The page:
"Teetering" by Jessica McCaughey

Jessica McCaughey

Jessica McCaughey

Jessica McCaughey is a writer, editor, and teacher living in Arlington, Virginia. She earned her BA in English from the University of Mary Washington and both an MA (English) and an MFA (Creative Writing) from George Mason University. She currently teaches writing and English as a Second Language courses at The George Washington University and George Mason University, respectively. Jessica's work has appeared in The Colorado Review, The Best American Travel Writing (2011), The Chronicle of Higher Education, and Phoebe, among other publications.



The deep red birthmark was the size of a hand, and it covered the upper left side of his face. Its bumps and crevices were deep, as if marbles and buttons had been stuck under the skin from his hairline, over his left eyelid, halfway down his face. His cheekbone was not prominent, but seemed so because of the sharp change in color there, and in texture. Along this bone, the smooth skin became rough and the dips evened out, transformed into healthy, reasonable skin.

The first time I saw Bob, I was sitting in the back booth of Santa Fe Bar and Grill in Fredericksburg, Virginia, interviewing for a waitressing job. He began to walk through the swinging kitchen doors, made to look like those of an old-time saloon, but stopped when he saw us. The shadows made it difficult to get a good look, and so I caught only an apron and a balding head, the remaining hair shoulder-length and white.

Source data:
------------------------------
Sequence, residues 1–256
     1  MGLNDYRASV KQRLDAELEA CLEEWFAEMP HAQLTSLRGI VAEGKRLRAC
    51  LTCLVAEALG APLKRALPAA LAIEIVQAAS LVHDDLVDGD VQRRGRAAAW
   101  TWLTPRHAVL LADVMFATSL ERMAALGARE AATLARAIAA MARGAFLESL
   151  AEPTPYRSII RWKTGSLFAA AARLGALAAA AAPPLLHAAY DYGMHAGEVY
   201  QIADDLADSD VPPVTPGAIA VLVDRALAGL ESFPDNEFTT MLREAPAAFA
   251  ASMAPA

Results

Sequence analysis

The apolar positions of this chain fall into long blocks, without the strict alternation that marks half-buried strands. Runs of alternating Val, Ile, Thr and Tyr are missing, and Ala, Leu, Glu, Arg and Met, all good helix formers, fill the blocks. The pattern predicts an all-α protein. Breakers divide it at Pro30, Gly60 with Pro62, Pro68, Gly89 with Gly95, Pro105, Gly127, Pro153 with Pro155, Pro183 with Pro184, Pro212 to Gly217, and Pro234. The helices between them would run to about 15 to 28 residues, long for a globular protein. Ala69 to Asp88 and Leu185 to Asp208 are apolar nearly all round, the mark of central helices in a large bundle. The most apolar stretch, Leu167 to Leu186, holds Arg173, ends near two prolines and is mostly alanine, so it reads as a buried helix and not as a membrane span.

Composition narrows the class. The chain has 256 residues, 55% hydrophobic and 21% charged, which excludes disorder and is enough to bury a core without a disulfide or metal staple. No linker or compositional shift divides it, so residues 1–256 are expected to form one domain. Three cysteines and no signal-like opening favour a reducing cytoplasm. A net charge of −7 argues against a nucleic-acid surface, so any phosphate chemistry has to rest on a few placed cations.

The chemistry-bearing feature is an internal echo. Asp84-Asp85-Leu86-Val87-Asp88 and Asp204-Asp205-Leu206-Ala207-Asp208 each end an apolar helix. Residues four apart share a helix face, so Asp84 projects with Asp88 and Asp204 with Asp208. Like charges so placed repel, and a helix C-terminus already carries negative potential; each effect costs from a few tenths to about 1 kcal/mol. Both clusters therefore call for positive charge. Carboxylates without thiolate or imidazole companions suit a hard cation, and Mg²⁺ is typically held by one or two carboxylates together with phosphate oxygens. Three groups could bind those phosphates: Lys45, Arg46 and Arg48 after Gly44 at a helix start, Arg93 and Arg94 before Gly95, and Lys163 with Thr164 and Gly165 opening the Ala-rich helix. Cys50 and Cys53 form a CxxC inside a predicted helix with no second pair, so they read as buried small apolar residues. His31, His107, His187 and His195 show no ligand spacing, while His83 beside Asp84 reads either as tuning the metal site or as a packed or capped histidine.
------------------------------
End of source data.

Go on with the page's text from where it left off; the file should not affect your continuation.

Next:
“Sorry,” he said, retreating.

“That's Bob,” the manager told me. “You'd be working with him on your lunch shifts.”

“Just the two of us?” I asked.

“It's really slow during the weekdays,” he said, motioning toward the empty dining room, the tacky southwestern-print curtains covering the dirty windows.

“Fair enough,” I said, bored already.

I had arrived in the small, historic town, with its battlefield and plaques stating who had slept where, on a split-second decision, made from my dorm room a few hours away, in rural Virginia. 15 months earlier, two weeks into my freshman year of college, a boy named Chris, who I'd spent time with at home, had been killed in a car accident. Chris had been older than me, good looking and reclusive, with thick dreads and big lips and what seemed like a significant drinking problem for someone in only his early twenties. He was the older brother of one of my good friends, and I often found myself staring at him through the pot-smoke haze of their mother's basement until everyone went to sleep, or to a party, or to hike through the dark woods behind the house. Then, alone, nervous, we would climb up to the roof and wrap ourselves, noses pressed together, in a blanket where we stayed, kissing silently while my friends filed back, assuming we were asleep in different beds, different houses. Just after I graduated, I turned on him, harshly and quickly, when I realized I was unable to imagine him visiting me at college. His ripped flannel shirts, his slow gait.